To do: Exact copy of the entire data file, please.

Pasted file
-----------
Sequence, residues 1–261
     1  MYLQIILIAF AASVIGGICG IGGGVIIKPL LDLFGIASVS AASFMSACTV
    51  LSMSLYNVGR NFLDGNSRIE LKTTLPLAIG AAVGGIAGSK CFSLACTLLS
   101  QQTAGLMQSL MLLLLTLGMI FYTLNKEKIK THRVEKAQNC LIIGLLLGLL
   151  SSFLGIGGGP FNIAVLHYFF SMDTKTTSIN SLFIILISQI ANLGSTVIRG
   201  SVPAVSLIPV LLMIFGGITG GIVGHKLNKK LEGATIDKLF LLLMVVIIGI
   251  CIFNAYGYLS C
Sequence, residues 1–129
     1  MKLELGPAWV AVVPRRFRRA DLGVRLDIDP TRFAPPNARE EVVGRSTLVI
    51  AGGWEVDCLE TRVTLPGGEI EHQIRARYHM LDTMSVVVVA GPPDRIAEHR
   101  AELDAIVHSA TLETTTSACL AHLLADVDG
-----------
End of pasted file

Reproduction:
Sequence, residues 1–261
     1  MYLQIILIAF AASVIGGICG IGGGVIIKPL LDLFGIASVS AASFMSACTV
    51  LSMSLYNVGR NFLDGNSRIE LKTTLPLAIG AAVGGIAGSK CFSLACTLLS
   101  QQTAGLMQSL MLLLLTLGMI FYTLNKEKIK THRVEKAQNC LIIGLLLGLL
   151  SSFLGIGGGP FNIAVLHYFF SMDTKTTSIN SLFIILISQI ANLGSTVIRG
   201  SVPAVSLIPV LLMIFGGITG GIVGHKLNKK LEGATIDKLF LLLMVVIIGI
   251  CIFNAYGYLS C
Sequence, residues 1–129
     1  MKLELGPAWV AVVPRRFRRA DLGVRLDIDP TRFAPPNARE EVVGRSTLVI
    51  AGGWEVDCLE TRVTLPGGEI EHQIRARYHM LDTMSVVVVA GPPDRIAEHR
   101  AELDAIVHSA TLETTTSACL AHLLADVDG